Police Story 1 is the highlight of the set and possibly of Chan’s career. Like all his movies, the plot is almost incidental. Chan plays one of those “plays-by-his-own-rules” cops who took no guff and destroyed plenty of real estate while defining 80s action cinema. In the hilariously dubbed English language version, all characters even refer to him as Jackie Chan. After destroying a shanty town and dangling off a bus with an umbrella (yep, those things really happened), Chan is screamed at by his sergeant and then is somehow rewarded with the assignment of guarding a local crime lord’s secretary as she prepares to testify against him in court. Cue a series of slapstick misunderstandings and innuendo before Chan is framed for murder and must take revenge by beating up all the baddies at once in a candy glass filled mall crying out for destruction. The “plot” gives Chan a chance to work his comedic charms, but really you’re watching this for the action.
Jackie Chan had already established himself as a action star with a reckless abandon for self destruction in Drunken Master and Project A when he stepped up to make Police Story and was determined to top himself. You’ll see the man fall several stories with nothing to block his fall but a gazebo and table, slide down a 4-story pole covered in exploding Christmas lights, and toss countless stuntmen through shattering glass structures (sometimes with the aid of a motorcycle). All of it is real, all of it is insane, and all of it is endlessly entertaining. Chan’s action movies were as much influenced by Harold Lloyd as Bruce Lee, so even though the stunts are real they play as much as slapstick as bone-crunching action. While some of his straight comedy sequences may not have aged well, Police Story is filled with big heaping doses of nostalgic 80s charm from cheesy synthesizer music to paper thin characters, ludicrous dialogue that sounds like it was written seconds before filming, and plotting more baffling than exciting. At this point all that material only adds to the comedy and makes Police Story one of the funniest damn movies you’ll ever seen even when the intended comedy fails. It’s a little holy grail of B-movie bliss from an irony free era filled with stunning set pieces connected by laughable set up. Even the crude no-budget aesthetic adds to the charm and with end credit outtakes that feel like a deliberate comedic extension of the lovingly ludicrous tone and prove that all of the onscreen action was as painful as it appears.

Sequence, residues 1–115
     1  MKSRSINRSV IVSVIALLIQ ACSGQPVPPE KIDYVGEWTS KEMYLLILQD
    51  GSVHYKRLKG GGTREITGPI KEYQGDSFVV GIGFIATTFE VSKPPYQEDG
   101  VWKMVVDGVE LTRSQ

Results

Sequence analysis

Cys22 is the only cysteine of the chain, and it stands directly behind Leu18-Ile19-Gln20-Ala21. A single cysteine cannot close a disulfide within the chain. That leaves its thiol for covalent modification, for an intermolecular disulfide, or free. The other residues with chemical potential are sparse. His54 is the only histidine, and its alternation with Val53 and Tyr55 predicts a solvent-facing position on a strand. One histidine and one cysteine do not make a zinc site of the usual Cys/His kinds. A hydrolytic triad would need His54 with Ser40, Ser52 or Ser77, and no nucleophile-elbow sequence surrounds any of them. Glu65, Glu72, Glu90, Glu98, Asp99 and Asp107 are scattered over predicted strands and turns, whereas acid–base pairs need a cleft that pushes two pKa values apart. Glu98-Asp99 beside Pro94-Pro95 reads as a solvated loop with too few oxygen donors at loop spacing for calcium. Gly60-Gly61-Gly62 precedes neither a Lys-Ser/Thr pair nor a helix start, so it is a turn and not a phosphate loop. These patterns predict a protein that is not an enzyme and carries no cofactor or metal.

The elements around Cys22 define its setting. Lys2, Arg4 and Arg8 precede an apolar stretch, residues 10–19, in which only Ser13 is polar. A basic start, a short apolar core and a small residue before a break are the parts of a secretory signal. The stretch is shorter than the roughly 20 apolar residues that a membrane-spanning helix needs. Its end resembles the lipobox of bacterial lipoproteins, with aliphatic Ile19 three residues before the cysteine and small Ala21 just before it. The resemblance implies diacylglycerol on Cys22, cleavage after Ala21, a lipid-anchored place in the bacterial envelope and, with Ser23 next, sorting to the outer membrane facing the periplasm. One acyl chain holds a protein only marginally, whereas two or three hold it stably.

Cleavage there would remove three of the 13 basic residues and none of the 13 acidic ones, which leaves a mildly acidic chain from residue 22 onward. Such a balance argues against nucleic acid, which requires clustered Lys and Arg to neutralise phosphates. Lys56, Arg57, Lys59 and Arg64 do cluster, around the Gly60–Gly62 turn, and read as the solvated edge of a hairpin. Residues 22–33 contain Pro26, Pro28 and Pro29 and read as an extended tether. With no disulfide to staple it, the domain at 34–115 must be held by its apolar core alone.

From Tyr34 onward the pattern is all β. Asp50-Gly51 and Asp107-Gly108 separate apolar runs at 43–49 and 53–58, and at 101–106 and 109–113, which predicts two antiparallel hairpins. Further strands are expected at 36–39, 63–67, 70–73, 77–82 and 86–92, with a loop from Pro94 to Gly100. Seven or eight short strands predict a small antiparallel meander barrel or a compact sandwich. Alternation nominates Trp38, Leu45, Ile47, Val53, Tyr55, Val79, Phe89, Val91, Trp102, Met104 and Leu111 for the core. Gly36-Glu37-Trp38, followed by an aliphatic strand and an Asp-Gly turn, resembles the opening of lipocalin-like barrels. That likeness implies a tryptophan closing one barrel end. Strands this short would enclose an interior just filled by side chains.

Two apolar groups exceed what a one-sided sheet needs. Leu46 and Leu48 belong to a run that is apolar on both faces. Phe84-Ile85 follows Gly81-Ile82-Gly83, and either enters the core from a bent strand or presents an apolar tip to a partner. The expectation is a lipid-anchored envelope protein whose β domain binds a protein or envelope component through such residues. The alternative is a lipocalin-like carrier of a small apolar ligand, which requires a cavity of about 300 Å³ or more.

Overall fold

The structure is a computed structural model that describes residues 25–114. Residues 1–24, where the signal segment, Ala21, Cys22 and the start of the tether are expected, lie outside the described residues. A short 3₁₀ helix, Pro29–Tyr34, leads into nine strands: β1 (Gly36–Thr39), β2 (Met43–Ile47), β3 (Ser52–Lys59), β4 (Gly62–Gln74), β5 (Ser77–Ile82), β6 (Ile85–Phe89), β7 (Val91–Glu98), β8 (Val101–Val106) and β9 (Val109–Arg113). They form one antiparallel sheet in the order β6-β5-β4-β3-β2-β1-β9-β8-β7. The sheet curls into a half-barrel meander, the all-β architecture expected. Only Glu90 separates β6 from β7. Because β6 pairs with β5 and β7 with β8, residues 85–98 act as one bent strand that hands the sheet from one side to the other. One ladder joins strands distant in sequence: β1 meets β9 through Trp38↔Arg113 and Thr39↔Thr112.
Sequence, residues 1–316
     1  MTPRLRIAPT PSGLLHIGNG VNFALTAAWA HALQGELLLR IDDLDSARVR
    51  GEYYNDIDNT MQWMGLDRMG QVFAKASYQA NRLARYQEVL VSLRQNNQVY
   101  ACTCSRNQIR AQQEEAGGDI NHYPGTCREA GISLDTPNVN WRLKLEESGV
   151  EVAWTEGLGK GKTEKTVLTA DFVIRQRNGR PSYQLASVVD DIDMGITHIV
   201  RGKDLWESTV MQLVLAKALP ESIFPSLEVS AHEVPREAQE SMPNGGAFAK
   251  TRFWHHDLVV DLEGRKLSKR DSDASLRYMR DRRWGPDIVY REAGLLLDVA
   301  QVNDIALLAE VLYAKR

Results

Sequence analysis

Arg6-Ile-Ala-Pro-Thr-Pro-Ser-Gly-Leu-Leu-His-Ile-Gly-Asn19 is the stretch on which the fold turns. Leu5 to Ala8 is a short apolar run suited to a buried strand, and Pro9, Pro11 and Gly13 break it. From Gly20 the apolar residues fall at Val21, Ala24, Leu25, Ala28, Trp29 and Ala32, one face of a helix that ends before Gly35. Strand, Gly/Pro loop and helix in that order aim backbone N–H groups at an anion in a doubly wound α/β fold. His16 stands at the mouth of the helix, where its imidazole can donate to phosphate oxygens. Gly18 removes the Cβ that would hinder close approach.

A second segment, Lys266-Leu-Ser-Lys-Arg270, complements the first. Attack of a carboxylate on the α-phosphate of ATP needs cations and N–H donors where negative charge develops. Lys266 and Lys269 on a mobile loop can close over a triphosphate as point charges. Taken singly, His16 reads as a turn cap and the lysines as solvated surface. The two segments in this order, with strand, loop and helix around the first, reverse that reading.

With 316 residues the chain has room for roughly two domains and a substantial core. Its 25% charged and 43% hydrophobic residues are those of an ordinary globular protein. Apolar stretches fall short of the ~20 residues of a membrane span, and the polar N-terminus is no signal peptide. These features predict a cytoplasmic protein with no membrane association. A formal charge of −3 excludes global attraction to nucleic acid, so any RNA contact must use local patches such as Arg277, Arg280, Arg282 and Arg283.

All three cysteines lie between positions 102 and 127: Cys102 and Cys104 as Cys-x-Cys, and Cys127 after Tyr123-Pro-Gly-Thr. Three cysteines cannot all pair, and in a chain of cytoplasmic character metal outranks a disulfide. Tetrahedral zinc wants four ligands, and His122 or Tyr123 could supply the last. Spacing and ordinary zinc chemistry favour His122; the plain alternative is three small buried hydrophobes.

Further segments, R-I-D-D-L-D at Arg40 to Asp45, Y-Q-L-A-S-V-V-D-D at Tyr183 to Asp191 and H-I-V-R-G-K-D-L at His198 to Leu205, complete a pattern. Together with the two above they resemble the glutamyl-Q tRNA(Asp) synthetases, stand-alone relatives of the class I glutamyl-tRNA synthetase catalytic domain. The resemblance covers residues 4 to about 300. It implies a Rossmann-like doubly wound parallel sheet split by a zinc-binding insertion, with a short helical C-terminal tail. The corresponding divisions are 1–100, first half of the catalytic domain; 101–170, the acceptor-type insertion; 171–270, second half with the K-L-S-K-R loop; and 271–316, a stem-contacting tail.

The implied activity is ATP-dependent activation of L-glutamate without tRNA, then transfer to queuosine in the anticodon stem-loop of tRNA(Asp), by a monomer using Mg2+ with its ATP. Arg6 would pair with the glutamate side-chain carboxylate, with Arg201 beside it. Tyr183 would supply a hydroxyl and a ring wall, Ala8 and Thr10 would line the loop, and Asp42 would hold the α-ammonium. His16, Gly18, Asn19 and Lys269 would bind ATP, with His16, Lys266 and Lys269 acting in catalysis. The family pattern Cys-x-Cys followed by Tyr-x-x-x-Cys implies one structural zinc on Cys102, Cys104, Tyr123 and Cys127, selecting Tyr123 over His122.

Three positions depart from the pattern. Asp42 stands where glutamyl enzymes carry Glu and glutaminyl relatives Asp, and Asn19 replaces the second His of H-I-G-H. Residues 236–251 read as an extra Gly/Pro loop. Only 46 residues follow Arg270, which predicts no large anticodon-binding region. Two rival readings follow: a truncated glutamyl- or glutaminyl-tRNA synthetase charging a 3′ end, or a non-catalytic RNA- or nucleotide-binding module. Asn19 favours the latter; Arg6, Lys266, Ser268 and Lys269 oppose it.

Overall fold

Police Story 2 is a much more slick production that continues the adventures of Jackie Chan’s namesake cop. However, made a few years later after Chan had brain surgery from a botched stunt on a spy movie, the stunts are perhaps understandably more subdued. Chan still leaps across a few double decker buses to crash through a class window and takes fire-crackers to the face between rounds of light comedy. So it’s an entertaining romp (it’s hard to hate an action movie that literally ends with a fireworks factory explosion), just not quite the classic as the original. Consider it a welcome special feature on the Police Story Blu-ray, which is nice because the disc doesn’t have too much else. Fans are treated to a few extras outtakes and deleted scenes for both movies and that’s pretty much it. The HD transfers for both movies offer mixed results at best, but that’s inevitable for movies this old made this cheaply (Police Story 2 looks better thanks to increased production values, but not by much). However, since North American fans are used to pan-and-scan VHS tapes or dreary bootleg DVDs of these titles, Police Story 1 & 2 look pretty incredible compared to what came before. This is probably the best we can ever expect the cheap 80s B-movies to look and if you’ve never seen Jackie Chan in his prime before, the Blu-ray demands to be purchased and cherished immediately. Arnie and Sly might have racked up more impressive body counts during the heyday of the action movie, but no one came out of the era with more permanent injuries than Jackie Chan. Recognize.
Repo Man (Alex Cox, 1984) – It’s hard to imagine anyone predicting that Repo Man would one day be part of the Criterion Collection, but then it’s a bit of a miracle the movie was produced and released by a Hollywood studio at all. So I suppose it fits in with the flick’s bizarre journey. Repo Man initially found fame for boasting the definitive 80s punk movie soundtrack that was a hit before the film was even released. Then when all the angry young punks of the era finally feasted their eyes on Alex Cox’s bizarro debut they found a movie that in many ways embodied the punk ethos. That’s not to say that Repo Man is overtly political or filled with social commentary (even though some of that is ladled on in the background). No, that’s more of a tonal thing. Repo Man is a movie that goes out of its way to subvert convention and raise a middle finger at the usual Hollywood filmmaking devices. It’s a comedy filled with dark cynicism, a sci-fi yarn devoid of aliens, and a movie rooted in a real repo world that frequently diverts into fantasy. There’s nothing else out there like it and it’s a miracle that first-time filmmaker Cox was able to squeeze something this unique through the studio system thanks to producer and former Monkee Michael Nesmith.